Sleep Molecules May Represent a New Blood Biomarker for Earlier Diagnosis, Study Suggests

Sleep Molecules May Represent a New Blood Biomarker for Earlier Diagnosis, Study Suggests
High blood levels of primary fatty acid amides (PFAMS), a class of fatty molecules involved in sleep and movement control, are associated with increased accumulation of beta-amyloid protein in the cerebrospinal fluid of patients with Alzheimer's disease, a study finds. Researchers believe that this class of fatty molecules may represent a new blood biomarker that can help physicians diagnose Alzheimer's earlier. The study, "Primary fatty amides in plasma associated with brain amyloid burden, hippocampal volume, and memory in the European Medical Information Framework for Alzheimer's Disease biomarker discovery cohort," was published in Alzheimer's & Dementia: The Journal of the Alzheimer's Association. Alzheimer’s disease is a progressive neurodegenerative disorder characterized by the formation of plaques made of a protein called beta-amyloid. These protein clumps accumulate between nerve cells in the brain, disrupting their ability to communicate with each other and impairing their function. It is believed that these plaques start to form many years before the onset of the first Alzheimer's symptoms, known as the preclinical phase of the disease. "It is thought that one of the reasons for the failure of [therapy] candidates is that they were not administered during the preclinical phase of the disea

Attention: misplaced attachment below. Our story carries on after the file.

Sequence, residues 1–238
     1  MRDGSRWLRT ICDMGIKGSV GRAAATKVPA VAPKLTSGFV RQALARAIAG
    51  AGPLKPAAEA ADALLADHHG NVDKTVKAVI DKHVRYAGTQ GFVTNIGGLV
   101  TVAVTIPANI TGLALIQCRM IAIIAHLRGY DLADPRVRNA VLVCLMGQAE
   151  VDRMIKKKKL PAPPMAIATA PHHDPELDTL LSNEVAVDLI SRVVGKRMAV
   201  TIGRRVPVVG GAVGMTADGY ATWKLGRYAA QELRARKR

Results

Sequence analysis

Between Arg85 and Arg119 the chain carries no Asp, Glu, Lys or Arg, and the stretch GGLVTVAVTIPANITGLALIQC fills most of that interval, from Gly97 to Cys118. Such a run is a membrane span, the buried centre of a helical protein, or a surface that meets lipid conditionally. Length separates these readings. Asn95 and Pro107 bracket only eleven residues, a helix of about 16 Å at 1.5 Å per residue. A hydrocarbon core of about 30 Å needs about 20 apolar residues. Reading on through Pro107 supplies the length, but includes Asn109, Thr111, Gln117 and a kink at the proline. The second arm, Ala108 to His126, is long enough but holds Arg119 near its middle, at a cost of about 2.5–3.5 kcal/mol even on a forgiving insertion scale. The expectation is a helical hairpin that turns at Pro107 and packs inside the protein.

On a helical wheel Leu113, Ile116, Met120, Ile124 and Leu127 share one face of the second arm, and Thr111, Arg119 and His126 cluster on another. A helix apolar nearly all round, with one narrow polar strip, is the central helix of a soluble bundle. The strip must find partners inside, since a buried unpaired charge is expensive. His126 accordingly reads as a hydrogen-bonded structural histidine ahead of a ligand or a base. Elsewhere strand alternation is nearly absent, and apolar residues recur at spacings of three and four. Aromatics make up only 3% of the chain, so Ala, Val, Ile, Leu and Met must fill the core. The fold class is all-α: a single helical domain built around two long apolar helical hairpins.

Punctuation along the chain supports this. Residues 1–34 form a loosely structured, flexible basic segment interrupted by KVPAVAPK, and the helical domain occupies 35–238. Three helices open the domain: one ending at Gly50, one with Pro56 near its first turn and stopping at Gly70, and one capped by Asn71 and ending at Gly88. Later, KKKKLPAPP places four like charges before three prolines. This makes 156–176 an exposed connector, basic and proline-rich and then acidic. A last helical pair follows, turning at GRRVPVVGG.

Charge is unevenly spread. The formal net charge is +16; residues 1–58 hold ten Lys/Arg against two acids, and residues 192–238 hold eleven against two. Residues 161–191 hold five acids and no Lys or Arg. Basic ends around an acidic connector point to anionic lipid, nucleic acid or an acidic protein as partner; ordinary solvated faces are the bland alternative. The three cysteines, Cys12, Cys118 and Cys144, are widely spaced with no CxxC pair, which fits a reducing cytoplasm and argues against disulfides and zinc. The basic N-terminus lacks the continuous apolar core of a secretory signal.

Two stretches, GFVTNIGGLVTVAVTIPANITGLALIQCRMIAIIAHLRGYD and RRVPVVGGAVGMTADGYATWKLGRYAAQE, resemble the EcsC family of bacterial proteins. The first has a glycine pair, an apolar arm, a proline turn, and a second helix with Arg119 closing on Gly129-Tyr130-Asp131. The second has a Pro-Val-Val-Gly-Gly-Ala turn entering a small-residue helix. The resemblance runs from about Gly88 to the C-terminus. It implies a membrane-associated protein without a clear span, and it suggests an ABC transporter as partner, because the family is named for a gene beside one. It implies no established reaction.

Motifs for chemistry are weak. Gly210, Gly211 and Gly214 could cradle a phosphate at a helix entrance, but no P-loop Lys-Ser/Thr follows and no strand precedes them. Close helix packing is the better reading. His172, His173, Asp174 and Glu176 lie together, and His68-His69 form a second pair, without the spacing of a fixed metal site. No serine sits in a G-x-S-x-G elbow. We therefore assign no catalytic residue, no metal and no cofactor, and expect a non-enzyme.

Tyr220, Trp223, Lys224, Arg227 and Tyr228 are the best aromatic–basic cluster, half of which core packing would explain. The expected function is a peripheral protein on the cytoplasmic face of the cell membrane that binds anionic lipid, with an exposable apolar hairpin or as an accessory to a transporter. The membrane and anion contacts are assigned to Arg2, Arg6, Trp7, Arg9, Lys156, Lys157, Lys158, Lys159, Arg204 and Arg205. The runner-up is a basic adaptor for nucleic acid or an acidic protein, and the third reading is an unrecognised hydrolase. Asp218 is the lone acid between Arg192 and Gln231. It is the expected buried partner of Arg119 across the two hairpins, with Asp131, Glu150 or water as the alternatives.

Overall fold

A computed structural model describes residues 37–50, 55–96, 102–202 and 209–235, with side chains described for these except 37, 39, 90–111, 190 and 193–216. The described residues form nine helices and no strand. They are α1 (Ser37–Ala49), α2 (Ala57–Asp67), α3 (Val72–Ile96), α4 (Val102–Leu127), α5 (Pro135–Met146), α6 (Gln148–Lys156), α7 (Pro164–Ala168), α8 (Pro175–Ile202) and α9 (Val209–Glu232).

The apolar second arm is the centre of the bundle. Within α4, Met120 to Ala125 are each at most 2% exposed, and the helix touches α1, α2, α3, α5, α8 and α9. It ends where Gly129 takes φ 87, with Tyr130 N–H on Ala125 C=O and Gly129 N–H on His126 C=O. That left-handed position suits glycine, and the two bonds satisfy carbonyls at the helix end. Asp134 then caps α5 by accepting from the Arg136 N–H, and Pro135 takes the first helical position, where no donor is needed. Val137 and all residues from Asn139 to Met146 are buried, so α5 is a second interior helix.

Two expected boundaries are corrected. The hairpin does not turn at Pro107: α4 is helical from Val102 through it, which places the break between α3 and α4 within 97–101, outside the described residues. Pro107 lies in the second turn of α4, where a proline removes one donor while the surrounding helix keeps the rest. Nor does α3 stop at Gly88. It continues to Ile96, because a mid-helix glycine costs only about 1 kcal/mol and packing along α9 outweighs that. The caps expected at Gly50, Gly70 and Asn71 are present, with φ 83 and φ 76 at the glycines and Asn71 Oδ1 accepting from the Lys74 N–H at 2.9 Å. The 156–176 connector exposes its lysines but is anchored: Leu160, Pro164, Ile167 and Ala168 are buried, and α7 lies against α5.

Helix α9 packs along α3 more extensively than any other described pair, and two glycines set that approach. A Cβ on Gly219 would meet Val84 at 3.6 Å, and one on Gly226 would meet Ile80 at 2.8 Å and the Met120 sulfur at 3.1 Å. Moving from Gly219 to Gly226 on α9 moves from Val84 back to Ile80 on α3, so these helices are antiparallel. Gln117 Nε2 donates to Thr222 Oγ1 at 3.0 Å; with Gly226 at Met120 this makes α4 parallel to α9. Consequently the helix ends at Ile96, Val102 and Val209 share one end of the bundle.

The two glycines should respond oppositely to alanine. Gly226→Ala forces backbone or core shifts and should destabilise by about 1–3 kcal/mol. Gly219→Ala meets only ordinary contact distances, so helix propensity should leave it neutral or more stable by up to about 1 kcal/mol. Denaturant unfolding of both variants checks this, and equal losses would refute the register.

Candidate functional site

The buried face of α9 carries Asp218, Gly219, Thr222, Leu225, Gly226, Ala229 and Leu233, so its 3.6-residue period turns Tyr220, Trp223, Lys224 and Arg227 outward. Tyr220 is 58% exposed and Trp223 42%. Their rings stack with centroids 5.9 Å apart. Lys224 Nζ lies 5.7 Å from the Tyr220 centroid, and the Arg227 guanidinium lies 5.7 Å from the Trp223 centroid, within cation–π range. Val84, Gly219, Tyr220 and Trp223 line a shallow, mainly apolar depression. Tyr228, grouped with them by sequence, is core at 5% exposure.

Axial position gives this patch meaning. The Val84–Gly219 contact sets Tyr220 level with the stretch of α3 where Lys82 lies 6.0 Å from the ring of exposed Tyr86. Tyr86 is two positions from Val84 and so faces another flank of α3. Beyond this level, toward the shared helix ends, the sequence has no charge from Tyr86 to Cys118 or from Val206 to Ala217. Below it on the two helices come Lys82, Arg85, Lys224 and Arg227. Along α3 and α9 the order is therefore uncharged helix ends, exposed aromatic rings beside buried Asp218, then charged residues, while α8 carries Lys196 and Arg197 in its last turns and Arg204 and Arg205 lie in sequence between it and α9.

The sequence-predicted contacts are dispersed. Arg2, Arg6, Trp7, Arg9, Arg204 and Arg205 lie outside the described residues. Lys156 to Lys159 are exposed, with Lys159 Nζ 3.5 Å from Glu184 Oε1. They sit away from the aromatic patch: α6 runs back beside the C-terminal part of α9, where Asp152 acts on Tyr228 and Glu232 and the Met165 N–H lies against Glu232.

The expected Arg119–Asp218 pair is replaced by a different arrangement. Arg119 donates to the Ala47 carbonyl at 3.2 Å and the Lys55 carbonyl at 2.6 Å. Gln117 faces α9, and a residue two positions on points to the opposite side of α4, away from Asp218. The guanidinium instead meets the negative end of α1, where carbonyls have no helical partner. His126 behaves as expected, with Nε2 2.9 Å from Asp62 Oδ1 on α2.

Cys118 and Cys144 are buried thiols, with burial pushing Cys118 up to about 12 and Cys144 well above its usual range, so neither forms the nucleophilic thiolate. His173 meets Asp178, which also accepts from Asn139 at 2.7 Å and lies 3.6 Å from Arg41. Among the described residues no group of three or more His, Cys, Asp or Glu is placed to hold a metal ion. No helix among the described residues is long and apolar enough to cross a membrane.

Subscribe or to access all post and page content.

Leave a Comment

Your email address will not be published. Required fields are marked *